The Glory’s final live-stream shows east London drag in ‘a different guise’
- Credit: Supplied
For lovers of drag champing at the bit for live shows to re-start and hankering for something new, The Glory’s final live-stream might just be the ticket.
Drag queen Margo Marshall heads up the Haggerston queer pub and performance venue’s last virtual show on May 15 which celebrates the diversity of the east London drag scene and Margo’s own experience as non-binary.
Red Chipped Nails features RuPaul’s Drag Race UK’s Bimini and Crystal, as well as The Glory co-owner and performer Jonny Woo, and a host of others including Sue Gives a Fu*k, Grace Shush, Cazeleon and Baby Lame as a kind of “BBC Live Lounge for queers, by queers, about queers”.
With original “beatniky, punky, disco” music written by Margo and performance artist Robyn Herfellow, it might challenge your expectations of what drag can be.
“I wanted to show east London drag in a slightly different guise,” says Margo, “and for people to hear the conversations we’ve all been having and the plethora of queer, musical voices.”
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Margo adds that drag is often seen as one dimensional – often only ever given one note to play – which pigeonholes the artform, queer music and ignores the rich mix of LGBTQ+ voices.
"There are more voices to the drag and gender journey and I wanted to write about that. We need to see all the other dimensions of drag and see ourselves in different lights and hear different narratives rather than falling into tropes.”
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Reflecting the diversity within the east London queer community, a host of drag queens and kings, queer, non-binary and trans performers who are a mix of ethnicities and genders get up on stage for the show.
"It’s really important to have that crossover,” says Margo, “In east London, that mix happens naturally and people are more interested in your point of view rather than what’s between your legs.
“We try to be different and try not to be copycats. East London is an amazing place for pushing for diversity and I think that is really special about east London drag.”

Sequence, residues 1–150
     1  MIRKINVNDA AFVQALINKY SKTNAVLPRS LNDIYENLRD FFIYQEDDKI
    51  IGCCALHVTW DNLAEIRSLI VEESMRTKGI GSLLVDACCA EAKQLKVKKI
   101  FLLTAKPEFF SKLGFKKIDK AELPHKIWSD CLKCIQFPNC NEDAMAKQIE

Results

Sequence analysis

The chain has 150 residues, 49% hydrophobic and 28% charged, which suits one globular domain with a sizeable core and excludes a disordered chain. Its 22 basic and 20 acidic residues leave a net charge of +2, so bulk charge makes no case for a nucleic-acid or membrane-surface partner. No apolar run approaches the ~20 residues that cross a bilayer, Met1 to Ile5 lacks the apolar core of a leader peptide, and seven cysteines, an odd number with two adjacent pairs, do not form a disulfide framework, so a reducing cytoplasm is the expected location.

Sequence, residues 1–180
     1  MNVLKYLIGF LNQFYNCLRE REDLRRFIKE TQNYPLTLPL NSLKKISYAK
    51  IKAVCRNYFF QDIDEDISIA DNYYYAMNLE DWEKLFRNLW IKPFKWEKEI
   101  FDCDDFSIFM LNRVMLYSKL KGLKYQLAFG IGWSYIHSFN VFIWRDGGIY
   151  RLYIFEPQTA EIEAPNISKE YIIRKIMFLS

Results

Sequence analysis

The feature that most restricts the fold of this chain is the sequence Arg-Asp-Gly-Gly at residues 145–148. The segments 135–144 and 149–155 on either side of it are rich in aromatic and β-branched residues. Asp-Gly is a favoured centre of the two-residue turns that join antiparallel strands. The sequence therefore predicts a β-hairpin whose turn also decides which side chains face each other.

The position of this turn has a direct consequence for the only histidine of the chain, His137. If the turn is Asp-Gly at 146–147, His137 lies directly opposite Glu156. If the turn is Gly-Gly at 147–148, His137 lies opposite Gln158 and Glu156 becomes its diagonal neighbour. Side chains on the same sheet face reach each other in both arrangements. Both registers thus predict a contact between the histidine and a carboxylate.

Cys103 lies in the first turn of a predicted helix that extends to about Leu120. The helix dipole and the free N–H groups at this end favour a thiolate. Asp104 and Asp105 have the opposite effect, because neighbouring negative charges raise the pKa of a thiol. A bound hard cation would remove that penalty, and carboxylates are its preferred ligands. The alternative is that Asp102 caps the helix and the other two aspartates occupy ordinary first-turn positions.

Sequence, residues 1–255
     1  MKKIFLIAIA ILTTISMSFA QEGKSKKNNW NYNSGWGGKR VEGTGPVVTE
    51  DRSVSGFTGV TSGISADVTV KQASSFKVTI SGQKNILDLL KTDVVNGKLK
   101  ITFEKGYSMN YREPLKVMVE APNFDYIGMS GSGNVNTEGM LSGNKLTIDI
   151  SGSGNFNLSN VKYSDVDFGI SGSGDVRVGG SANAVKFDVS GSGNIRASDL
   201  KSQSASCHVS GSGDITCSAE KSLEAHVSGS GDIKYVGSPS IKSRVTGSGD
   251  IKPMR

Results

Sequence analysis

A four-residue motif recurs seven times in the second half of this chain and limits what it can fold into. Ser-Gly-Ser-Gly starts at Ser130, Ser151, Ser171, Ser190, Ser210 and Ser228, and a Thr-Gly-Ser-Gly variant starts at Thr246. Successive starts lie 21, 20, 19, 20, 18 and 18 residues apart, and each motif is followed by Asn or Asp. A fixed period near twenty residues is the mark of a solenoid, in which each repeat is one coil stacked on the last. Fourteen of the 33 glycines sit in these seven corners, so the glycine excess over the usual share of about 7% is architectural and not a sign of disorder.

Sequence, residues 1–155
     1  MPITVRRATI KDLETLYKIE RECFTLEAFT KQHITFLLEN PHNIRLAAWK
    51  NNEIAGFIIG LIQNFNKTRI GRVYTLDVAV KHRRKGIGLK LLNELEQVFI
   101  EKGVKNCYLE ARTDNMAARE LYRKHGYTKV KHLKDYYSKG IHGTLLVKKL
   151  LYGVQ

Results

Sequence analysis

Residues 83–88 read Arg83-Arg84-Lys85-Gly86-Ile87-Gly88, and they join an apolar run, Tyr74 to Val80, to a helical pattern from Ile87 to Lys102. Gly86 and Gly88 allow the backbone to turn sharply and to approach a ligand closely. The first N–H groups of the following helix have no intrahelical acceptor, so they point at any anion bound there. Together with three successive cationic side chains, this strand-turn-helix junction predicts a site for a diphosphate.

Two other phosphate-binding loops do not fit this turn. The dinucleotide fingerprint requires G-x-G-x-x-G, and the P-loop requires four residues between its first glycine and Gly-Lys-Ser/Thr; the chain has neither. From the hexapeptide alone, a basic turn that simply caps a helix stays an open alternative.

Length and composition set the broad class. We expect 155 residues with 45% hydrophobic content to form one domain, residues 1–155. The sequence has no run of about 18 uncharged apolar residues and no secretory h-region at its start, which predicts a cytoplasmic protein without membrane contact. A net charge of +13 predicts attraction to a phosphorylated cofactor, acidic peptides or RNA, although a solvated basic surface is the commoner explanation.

The live-stream will be the first time the trained dancer who has worked with Sink the Pink, Melanie C and Robyn, has performed their own songs, which detail their experience of self-discovery going through “a period of big change”.
“They’re so personal,” Margo says. “They’re about our scene and about my life. One song is about having depression and having to go to the gig to entertain, and a lot of queers will relate to that. I speak in a candid way, but make it fun and celebrate it with dance and music."
As well as lip syncs, songs and comedy from the various performers, Margo interviews Bimini - a standout contestant on RuPaul’s Drag Race UK season two - about being non-binary, in a section of the show filmed at The Bethnal Green Workers Club.
“We talk about writing queer music and being young, non-binary artists who are trying to break that mould of drag. She’s not doing the drag hustle anymore, and at such a big moment in her career, it has been a nice opportunity to speak to her about the people who have made her now.”
Margo also hopes Red Chipped Nails whets people’s appetites for the reopening of queer venues, which they say we should support - along with the queer artists who perform on their stages - “in full force”.
“We need to show each other that we are part of a big family and that can never go away if we don’t let it. Queer people’s lives have always been hidden away in nightlife and I’ve missed being able to turn up at The Glory and see friends do their thing and hug them."
Venues like The Glory and Bethnal Green Working Mens Club are queer community hubs they add: “As a performer I’ve missed the attention, but as a queer person, I’ve missed our social spaces and watering holes.”